Big prize of Haneda access beckons AirAsia
TOKYO -- As it readies to re-enter the Japanese market, AirAsia seems to have designs on Skymark Airlines' slots at Haneda Airport, a precious commodity jealously guarded by domestic carriers and subject to regulatory discretion.
Malaysia-based AirAsia is looking to extend a lifeline to Skymark, The Nikkei reported Monday.
Japan Airlines and All Nippon Airways hold nearly 80% of the takeoff and landing slots at Haneda, which sees about 470 flights a day. Skymark has 36 slots, the third-largest tally. Domestic routes into and out of Tokyo are the most profitable in the country. A single slot can generate around 2 billion yen ($19.3 million) in annual revenue.
Amid limits on expanding air traffic at Haneda, divvying up access to the airport is a matter of constant debate in the industry. In March, a new batch of slots for international flights sparked a tussle between JAL and ANA.
Should AirAsia take indirect control of Skymark, it would become both the first budget carrier and the first foreign airline to fly domestic routes to and from Haneda. Thus ensconced, it could pose a threat to JAL and ANA.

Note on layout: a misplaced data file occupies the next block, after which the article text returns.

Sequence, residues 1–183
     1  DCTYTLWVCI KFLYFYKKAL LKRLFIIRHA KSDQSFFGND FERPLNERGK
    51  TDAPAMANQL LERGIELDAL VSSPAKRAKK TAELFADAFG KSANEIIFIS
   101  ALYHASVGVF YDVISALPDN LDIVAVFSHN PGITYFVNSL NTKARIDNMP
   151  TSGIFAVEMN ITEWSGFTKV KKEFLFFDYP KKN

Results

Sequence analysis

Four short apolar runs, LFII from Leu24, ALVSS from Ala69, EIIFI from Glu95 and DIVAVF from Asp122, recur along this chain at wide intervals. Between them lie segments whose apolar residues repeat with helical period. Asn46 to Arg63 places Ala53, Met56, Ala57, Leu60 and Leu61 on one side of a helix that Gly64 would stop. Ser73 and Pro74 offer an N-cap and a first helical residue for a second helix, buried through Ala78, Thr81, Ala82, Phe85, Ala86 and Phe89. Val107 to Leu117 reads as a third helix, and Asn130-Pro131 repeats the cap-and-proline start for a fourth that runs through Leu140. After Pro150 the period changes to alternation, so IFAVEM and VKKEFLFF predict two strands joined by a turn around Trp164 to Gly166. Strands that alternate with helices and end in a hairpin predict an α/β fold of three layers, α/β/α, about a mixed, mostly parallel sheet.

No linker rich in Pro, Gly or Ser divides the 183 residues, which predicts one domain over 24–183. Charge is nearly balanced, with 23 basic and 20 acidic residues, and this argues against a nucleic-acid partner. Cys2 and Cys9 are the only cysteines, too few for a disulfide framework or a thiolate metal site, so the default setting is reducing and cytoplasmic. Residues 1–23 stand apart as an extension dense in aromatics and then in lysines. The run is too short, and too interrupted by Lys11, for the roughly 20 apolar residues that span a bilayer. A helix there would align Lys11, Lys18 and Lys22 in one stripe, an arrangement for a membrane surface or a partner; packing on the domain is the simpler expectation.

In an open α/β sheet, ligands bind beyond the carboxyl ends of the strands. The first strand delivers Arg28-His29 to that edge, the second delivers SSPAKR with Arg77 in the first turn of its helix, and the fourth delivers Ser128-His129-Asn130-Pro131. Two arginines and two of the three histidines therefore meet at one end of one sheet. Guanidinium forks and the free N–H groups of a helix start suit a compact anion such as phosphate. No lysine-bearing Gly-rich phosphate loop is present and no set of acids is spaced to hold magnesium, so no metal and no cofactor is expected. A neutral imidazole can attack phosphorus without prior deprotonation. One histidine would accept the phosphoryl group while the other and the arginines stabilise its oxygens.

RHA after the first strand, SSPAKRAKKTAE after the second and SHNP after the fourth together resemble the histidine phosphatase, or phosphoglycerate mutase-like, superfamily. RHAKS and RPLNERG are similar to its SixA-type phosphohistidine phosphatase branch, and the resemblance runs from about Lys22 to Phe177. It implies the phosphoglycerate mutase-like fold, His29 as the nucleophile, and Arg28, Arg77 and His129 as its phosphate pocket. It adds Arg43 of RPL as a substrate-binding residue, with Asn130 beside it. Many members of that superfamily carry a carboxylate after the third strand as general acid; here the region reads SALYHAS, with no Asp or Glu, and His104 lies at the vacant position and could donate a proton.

Foreign airlines' ownership of domestic carriers is capped at less than one-third. But AirAsia could in theory attempt a takeover of Skymark, Japan's third-largest carrier, through a Japanese unit.
Even then, however, the transport ministry would essentially have discretion over Skymark's slots at Haneda. The ministry has never really envisioned a carrier with Haneda slots moving under the umbrella of a foreign company. A decision would be made from the perspective of ensuring "healthy competition," an official says. For AirAsia, knowing that Skymark's slots would be reallocated would remove much of the appeal of a takeover and force a rethink of its strategy.